Archived Discussion

This is discussion archived from a time before the current discussion method was installed.

Georgie: Disturbngly enough, some viewers seem to enjoy retroactively applying this trope to any works of fiction they can get their hands on(as in the Labyrinth WMG). Is there a place here to mention that?
Looney Toons: "me", I seem to recall episodes of DS9 with a 1950s SF-author version of Sisko in a sanitarium, writing the events of the series on the walls of his room/cell. If there are similar episodes in Next Generation, we ought to list them both.

Ununnilium: Okay, somebody has to clear up the DS9 example.

Ununnilium: Took out the St. Elsewhere example, since it fits better under All Just a Dream.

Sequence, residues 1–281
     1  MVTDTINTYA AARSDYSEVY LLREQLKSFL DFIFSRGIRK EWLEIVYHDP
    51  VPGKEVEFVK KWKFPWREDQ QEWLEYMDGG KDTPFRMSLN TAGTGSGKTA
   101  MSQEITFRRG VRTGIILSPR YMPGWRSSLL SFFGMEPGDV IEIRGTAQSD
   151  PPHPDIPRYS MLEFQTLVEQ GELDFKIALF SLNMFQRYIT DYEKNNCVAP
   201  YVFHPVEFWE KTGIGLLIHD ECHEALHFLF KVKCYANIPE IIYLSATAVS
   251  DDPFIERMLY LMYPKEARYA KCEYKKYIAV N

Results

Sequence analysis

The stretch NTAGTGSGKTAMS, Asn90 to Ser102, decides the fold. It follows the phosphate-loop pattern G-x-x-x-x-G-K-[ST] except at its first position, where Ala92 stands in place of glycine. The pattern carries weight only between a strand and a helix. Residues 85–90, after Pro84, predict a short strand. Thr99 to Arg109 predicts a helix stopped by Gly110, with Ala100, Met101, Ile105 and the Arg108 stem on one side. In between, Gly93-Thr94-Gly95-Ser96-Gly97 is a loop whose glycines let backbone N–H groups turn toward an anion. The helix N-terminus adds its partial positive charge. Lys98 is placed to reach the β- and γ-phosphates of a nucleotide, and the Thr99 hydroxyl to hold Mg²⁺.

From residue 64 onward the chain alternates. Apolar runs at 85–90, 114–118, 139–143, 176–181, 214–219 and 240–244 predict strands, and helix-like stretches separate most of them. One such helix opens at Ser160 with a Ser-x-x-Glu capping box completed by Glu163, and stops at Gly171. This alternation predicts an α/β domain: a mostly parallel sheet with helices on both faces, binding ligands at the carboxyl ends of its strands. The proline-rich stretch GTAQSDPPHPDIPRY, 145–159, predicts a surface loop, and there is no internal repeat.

"Max Payne 2 has this exact plot". Ok, there's the show within a show. Ok, Max has some lasting psychological damage from the events (and backstory of the first game). But it never seriously maintains or even hints that this is the case. Check the game script, if necessary: So... edited to limit the trope to the show within a show.

Fast Eddie: I guess the parable of the cuckoo bird laying its eggs in another bird's nest has fallen out the collective consciousness.
alliterator: I removed this:
  • An interesting variant is played out in Heroes in the second episode. The viewers follow Hiro through New York city for the duration of the episode until he discovers Isaac Mendez has been killed in a brutal fashion and that he is really five weeks in the future... then a nuclear bomb goes off and Hiro returns to the Japanese Subway he was riding in the last episode. All other stories during the episode take place during the regular date. Unusual also is that the rest of the season is spent trying to stop the events from happening and some actually do happen.
Mainly because it's not an example of this trope - he time traveled into the future and he knows it. So does the audience. This trope is more about people going back and forth between different realities where one of them might be a dream.